Note: All steps dealing with cells should be performed within a biological safety cabinet until ready to begin immunocytochemistry.

  2. Day 2: Transfections (see Note 2)
    1. Adherent cells should be at a confluence of 50-80% prior to transfection. Remove media and replace with 1 ml pre-warmed (37 °C) serum and antibiotic-free growth media to maximize transfection efficiency.
    2. Transfect each well with a total of 2 μg plasmid DNA encoding protein of interest according to transfection reagent protocol (we use Lipofectamine 3000 with P3000).
    3. Aspirate the media of transfected well(s) 6 h post transfection, and replace with 1.5 ml complete media.

  3. Day 3: Re-seeding cells (see Note 3)
    1. In the biological safety cabinet clean 12 mm cover slips in 70% ethanol. Place the clean coverslips in individual wells of a 24-well cell culture plate. Apply UV light to coverslips in the open 24-well plate for 15 min to sterilize prior to re-seeding cells (see Note 4).
    2. Aspirate the media from well(s) of 6-well plate and wash NIH3T3 cells with pre-warmed (37 °C) DPBS. Aspirate DPBS from well(s).
    3. Add 500 μl of pre-warmed 37 °C trypsin to each well, and place in an incubator for 3-5 min until cells detach. Add 2 ml media to neutralize trypsin, and count cells in counting chamber.
    4. Transfer cell suspension to a 15 ml centrifuge tube, and centrifuge at ~200 x g for 5 min at room temperature.
    5. While cells are in the centrifuge, add 500 μl media to each coverslip-containing well of the 24-well plate.
    6. Aspirate the cell supernatant and resuspend cell pellet in 5 ml pre-warmed media.
    7. Add an appropriate volume of cell suspension so that each well with a coverslip contains 0.1 x 106 cells.
    8. Allow 6-8 h for cells to fully attach to the coverslip and allow for cytoneme regrowth, or optimally wait overnight (> 10 h) for full attachment and outgrowth (see Note 5).

  4. Day 4: Immunocytochemistry
    Crucial: From this point on, do not aspirate. Gently pipette when adding or removing any solution. Attempt to move the plate as little as possible, do not agitate plate during washes. This may fragment or break cytonemes. During incubations and washes, let solutions sit on cells without agitation.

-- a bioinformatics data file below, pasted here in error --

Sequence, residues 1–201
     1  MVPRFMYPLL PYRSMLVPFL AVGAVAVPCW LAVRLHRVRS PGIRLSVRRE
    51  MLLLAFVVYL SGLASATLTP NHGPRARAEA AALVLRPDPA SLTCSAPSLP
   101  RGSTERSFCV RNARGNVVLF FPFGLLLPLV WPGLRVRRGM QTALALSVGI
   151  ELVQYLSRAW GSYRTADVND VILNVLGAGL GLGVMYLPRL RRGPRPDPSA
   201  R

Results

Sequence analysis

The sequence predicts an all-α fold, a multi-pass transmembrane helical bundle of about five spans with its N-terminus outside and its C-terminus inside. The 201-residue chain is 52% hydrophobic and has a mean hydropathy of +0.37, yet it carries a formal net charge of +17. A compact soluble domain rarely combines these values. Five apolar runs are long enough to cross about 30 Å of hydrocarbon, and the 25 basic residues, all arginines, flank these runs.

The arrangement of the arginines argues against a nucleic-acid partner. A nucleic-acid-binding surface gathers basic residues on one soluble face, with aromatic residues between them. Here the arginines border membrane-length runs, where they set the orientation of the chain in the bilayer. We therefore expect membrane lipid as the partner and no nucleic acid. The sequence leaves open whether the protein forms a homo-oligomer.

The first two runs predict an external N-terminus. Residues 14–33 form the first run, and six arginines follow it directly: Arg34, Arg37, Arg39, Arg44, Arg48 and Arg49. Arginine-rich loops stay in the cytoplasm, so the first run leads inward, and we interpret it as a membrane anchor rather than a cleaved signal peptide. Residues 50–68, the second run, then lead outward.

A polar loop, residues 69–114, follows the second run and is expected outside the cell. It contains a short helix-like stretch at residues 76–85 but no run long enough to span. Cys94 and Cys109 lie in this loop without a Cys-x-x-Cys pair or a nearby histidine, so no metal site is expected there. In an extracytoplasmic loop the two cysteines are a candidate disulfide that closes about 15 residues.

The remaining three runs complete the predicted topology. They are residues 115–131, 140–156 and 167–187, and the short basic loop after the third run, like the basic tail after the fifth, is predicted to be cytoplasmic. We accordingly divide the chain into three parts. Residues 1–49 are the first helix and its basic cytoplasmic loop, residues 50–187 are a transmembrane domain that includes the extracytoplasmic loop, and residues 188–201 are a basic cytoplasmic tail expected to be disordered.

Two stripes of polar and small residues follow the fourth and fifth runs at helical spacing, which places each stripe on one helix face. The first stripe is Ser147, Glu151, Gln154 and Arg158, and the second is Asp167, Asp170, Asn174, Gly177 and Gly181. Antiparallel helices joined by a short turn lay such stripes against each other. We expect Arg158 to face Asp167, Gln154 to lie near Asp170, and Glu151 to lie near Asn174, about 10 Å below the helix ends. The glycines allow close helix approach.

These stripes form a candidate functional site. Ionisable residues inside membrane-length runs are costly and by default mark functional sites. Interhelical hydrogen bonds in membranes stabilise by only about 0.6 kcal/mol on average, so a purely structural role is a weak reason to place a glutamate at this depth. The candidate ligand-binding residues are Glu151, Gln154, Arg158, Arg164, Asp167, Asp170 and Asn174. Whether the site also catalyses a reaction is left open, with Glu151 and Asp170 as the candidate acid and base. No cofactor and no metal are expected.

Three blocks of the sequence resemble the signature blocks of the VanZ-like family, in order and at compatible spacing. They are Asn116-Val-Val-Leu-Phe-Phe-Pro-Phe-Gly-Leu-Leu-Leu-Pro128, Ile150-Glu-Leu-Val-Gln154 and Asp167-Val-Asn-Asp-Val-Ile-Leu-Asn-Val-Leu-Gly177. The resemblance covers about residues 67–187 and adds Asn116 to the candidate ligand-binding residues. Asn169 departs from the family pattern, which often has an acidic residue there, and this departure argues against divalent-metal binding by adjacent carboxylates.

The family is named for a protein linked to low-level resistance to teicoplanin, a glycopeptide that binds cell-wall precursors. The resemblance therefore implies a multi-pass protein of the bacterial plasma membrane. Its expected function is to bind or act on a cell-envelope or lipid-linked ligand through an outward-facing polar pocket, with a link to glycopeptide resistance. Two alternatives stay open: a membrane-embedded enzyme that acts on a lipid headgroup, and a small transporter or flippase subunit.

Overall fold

1. Pipette off media and wash cells quickly 3 times with room temperature DPBS.
    2. Remove DPBS and add 400 μl of MEM-fix to cells, then incubate for 7 min at room temperature.
    3. Pipette off the MEM-fix and wash the cells three times in DPBS at room temperature, for 5 min per wash.
    4. While cells are being washed in DPBS, prepare permeabilization buffer. See Recipes for instructions.
    5. Remove last DPBS wash, and add 400 μl of permeabilization buffer to each well and incubate at room temperature for 1 h.
    6. While cells are permeabilizing/blocking, prepare primary antibody dilutions in PBGT. See recipes for instructions.
    7. Remove permeabilization buffer, and add 300 μl of primary antibody dilution to each well. Incubate the plate overnight at 4 °C.

  5. Day 5: Secondary antibodies and cover slip mounting
    1. Prepare 50 ml of PBGT. See Recipes for instructions.
    2. Remove primary antibody dilution, and wash the cells three times in 400 μl of PBGT at room temperature for 5 min per wash.
    3. While the cells are being washed, dilute secondary antibodies, phalloidin and DAPI in PBGT. See Recipes for instructions.
    4. Remove PBGT, and add 300 μl of secondary antibody dilutions to each well. Incubate plate at room temperature for 1 h in the dark or wrapped in aluminum foil (see Note 6).
    5. Remove secondary antibody dilution, and wash the cells three times in 400 μl of PBGT at room temperature for 5 min per wash. Keep the plate in the dark during washes.
    6. Remove final PBGT wash, and add 500 μl distilled water to each well to allow easier removal of coverslips and dilute salt content. Use forceps to gently remove coverslip from well. Remove any excess liquid from the edge of the coverslip by dabbing on a Kimwipe. Mount coverslips by gently placing them on a single drop of ProLong diamond applied to the slide. Avoid applying pressure or disturbing coverslip until ProLong diamond has cured.
    7. Let slide cure overnight in the dark at room temperature, and image on inverted confocal microscope within 2 weeks (see Notes 7 and 8).

Data analysis